A problem generated by this type of metallic transfer is the possibility of lack of fusion, due to the metallic jet being directed to regions that have not been sufficiently heated.

Spray transfer is the most common in FCAW because the intention is to weld faster and, for this, the current is normally increased.

Pulsed welding

It is a synthetic spray transfer obtained by pulsing the current between two pre-established levels: a base current low enough to keep the electric arc stable and cool the molten pool and a peak current, greater than the globular transition current – spray.

For this reason the welding energy is low, making welding with large diameter wires out of the flat position easier.

Types and Functions of Consumables

In welding with cored wire the consumables used are:

Electrodes

They are hollow cored wires with a core formed by a fusible flux of low hydrogen content. When the protective gas is of an active nature, deoxidizing elements such as Mn and Si must be present in the chemical composition of the electrode. In the case of self-protected wires, the presence of AI exists in the chemical composition of the flux. Note the inside of the wire in the figure below.

AWS specifications A5.20 and A5.29 classify cored wires for C-Mn and low alloy steels respectively. For stainless steel wires classified by AWS A5.22 are used.

Protection gases

Among the various gas options available, CO2 gas and mixtures of these with Argon are most frequently used. They are used if required by the electrode specification.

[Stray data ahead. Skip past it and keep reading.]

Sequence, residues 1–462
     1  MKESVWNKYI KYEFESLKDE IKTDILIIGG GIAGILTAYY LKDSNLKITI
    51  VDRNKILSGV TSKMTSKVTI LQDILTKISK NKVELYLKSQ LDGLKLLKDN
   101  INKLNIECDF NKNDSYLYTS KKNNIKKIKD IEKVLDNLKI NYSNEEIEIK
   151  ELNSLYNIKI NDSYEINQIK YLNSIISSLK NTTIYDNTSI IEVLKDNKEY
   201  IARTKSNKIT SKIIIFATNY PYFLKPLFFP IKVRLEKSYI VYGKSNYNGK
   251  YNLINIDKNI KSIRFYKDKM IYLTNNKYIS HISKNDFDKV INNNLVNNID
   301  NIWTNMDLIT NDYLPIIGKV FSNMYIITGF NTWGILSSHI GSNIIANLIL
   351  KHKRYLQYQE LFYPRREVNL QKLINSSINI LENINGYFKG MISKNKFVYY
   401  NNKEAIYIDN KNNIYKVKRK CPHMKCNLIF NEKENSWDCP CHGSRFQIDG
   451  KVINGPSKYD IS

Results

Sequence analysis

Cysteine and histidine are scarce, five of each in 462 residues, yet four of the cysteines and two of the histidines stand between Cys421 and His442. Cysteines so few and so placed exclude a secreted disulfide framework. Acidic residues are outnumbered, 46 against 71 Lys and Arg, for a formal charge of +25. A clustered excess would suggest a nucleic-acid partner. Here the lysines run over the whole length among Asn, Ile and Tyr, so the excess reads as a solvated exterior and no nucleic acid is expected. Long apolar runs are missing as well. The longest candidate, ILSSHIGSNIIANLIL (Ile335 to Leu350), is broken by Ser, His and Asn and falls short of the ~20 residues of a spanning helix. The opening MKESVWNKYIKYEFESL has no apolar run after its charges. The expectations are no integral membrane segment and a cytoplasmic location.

Features and uses

Welding with flux cored wire has as its main characteristic the high deposition rate, which, combined with a good quality weld, has had a wide application in several areas of the industry.

Special care must be taken by the welder when removing the slag formed on each deposited pass, in order to avoid inclusions in the welded joint.

Process-induced discontinuities

The welding inspector must pay attention to the following discontinuities:

Lack of fusion

Connected to short-circuit transfer (due to low heat input).

Lack of penetration

Also linked to short-circuit transfer, which can also arise from inadequate preparation of the chamfer or error in the configuration of the joint chosen by the project.

Inclusion of slag

Welder deficiency in slag removal process, high speed, welding, inadequate joint design.

Undercut (Resembles a bite)

Welder disability or high current combined with low welding speed.

Porosity

They appear when the welding speed is high, not allowing the diffusion of gases through the bead. In gas shield welding, it can be caused by inadequate gas flow or wind at the welding site, which prevents effective protection of the weld pool.

They can also occur when Argon-rich mixtures are used in welding thick plates. High voltages used in soldering.

Overlap

Linked to transfer by short circuit or inability of the welder.

Cracks

They usually come from inadequate welding techniques and/or preparation. Base metal or consumable impurities can form components during soldering that lead to crack formation after cooling.

Conditions for personal protection

Personal protective equipment (PPE) is the same as used in other electric arc welding processes. Because the radiation emitted is of greater intensity, the filters used must have a greater density.

The process of welding with cored wire generates a lot of smoke. In this way, the environment must have good aeration, preferably through exhaust fans.

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Materials: What is FCAW Welding? πŸ‘¨β€πŸ­
What is FCAW Welding? πŸ‘¨β€πŸ­